but then pursues this fascinating idea no further. We will.
Among small human groups, public reputation can su-
percede retaliation by a single individual to motivate
cooperation in delayed reciprocation. However, reputa-
tional beliefs can suffer from two major kinds of errors
- errors of about which person did what, and errors in
appraising the value or damages caused by that act.
The need to remember faces and favors is a major cog-
nitive hurdle, but one that most humans find relatively
easy to overcome. Recognizing faces is easy, but remem-
bering that a favor took place when such memory needs
to be recalled can be harder. Remembering the specifics
about a favor that gave it a certain value to the favored
is harder still. Avoiding disputes and misunderstandings
can be improbable or prohibitively difficult.
The appraisal or value measurement problem is very
broad. For humans it comes into play in any system of
exchange - reciprocation of favors, barter, money, credit,
employment, or purchase in a market. It is important
in extortion, taxation, tribute, and the setting of judi-
cial penalties. It is even important in reciprocal altruism
in animals. Consider monkeys exchanging favors - say
pieces of fruit for back scratches. Mutual grooming can
remove ticks and fleas that an individual can’t see or
reach. But just how much grooming versus how many
pieces of fruit constitutes a reciprocation that both sides
will consider to be "fair", or in other words not a de-
fection? Is twenty minutes of backscratching worth one
piece of fruit or two? And how big a piece?
Even the simple case of trading blood for blood is more
complicated then it seems. Just how do the bats estimate
the value of blood they have received? Do they estimate
the value of a favor by weight, by bulk, by taste, by
its ability to satiate hunger, or other variables? Just
the same, measurement complications arise even in the
simple monkey exchange of "you scratch my back and I’ll
scratch yours".
For the vast majority of potential exchanges, the mea-
surement problem is intractible for animals. Even more
than the easier problem of remembering faces and match-
ing them to favors, the ability of both parties to agree
with sufficient accuracy on an estimate of the value of a
favor in the first place is probably the main barrier to
reciprocal altruism among animals.
Just the stone tool-kit of even early Paleolithic man
that has survived for us to find was in some ways too
complicated for brains of our size. Keeping track of favors
involving them - who manufactured what quality of tool
for whom, and therefore who owed whom what, and so
on - would have been too difficult outside the boundaries
of the clan. Add onto that, quite likely, a large variety of
organic objects, ephemeral services (such as grooming),
and so on that have not survived. After even a small
fraction of these goods had been transferred and services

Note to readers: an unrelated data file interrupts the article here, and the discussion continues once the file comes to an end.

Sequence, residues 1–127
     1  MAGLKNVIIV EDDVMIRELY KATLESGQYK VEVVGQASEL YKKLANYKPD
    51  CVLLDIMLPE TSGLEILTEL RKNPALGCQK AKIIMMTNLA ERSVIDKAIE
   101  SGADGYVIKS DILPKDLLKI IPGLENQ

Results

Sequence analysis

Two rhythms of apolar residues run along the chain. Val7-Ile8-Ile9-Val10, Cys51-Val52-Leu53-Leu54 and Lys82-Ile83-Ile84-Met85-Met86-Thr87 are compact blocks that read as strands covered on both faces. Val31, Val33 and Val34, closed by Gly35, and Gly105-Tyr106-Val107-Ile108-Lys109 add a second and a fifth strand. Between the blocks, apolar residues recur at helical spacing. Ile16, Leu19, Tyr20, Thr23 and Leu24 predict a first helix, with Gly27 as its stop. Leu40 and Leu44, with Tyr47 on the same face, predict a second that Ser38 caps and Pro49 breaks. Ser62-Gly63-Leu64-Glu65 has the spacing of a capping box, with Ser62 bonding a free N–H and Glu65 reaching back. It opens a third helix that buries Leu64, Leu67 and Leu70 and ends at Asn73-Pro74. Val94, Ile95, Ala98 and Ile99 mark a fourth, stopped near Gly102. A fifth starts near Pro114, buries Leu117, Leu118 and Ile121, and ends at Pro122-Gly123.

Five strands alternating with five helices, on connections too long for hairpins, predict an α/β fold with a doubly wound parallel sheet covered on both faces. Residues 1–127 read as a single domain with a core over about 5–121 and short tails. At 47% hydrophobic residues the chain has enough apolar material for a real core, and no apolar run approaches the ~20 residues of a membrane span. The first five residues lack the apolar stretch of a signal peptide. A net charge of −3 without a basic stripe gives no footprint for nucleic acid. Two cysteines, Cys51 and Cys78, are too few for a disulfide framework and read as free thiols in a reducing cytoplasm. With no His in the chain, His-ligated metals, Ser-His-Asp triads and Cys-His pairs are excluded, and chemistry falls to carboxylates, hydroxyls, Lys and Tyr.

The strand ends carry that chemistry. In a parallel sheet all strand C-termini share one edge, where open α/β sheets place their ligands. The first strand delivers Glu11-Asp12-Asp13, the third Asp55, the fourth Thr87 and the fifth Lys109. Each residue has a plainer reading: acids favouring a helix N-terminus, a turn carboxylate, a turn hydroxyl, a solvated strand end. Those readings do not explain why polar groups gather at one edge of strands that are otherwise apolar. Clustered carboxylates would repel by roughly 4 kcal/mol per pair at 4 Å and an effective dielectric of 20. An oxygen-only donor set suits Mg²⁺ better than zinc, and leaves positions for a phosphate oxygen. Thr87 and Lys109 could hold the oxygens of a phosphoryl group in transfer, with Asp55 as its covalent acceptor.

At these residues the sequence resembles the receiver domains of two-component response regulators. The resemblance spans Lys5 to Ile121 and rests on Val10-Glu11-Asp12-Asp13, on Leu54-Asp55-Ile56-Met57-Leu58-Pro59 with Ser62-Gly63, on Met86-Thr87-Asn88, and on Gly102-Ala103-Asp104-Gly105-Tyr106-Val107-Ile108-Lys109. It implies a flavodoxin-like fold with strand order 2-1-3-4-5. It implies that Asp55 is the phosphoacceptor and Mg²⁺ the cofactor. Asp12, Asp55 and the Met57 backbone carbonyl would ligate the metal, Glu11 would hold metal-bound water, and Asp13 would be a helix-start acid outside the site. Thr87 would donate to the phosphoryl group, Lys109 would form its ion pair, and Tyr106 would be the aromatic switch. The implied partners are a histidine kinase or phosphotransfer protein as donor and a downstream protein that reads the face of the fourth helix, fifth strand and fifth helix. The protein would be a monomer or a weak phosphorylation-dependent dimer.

performed our brains, as inflated as they are, could not
possibly keep track of who owed what to whom. Today
we often write these things down - but Paleolithic man
had no writing. If cooperation occured between clans
and even tribes, as the archaeological record indicates
in fact occured, the problem gets far worse still, since
hunter-gatherer tribes were usually highly antagonistic
and mutually distrustful.
If clams can be money, furs can be money, gold can be
money, and so on - if money is not just coins or notes is-
sued by a government under legal tender laws, but rather
can be wide variety of objects - then just what is money
anyway? And why did humans, often living on the brink
of starvation, spend so much time making and enjoying
those necklaces when they could have been dong more
hunting and gathering? Nineteenth century economist
Carl Menger[M1892] first described how money evolves
naturally and inevitably from a sufficient volume of com-
modity barter. In modern economic terms the story is
similar to Menger’s.
Barter requires a coincidence of interests. Alice grows
some pecans and wants some apples; Bob grows apples
and want some pecans. They just happen to have their
orchards near each other, and Alice just happens to trust
Bob enough to wait between pecan harvest time and ap-
ple harvest time. Assuming all these conditions are met,
barter works pretty well. But if Alice was growing or-
anges, even if Bob wanted oranges as well as pecans,
they’d be out of luck - oranges and apples don ’t both
grow well in the same climate. If Alice and Bob didn’t
trust each other, and couldn’t find a third party to be a
middleman[L94] or enforce a contract, they’d also be out
of luck.
Further complications could arise. Alice and Bob can’t
fully articulate a promise to sell pecans or apples in the
future, because, among other possibilities, Alice could
keep the best pecans to herself (and Bob the best ap-
ples), giving the other the dregs. Comparing the qual-
5
ities as well as the quantities of two different kinds of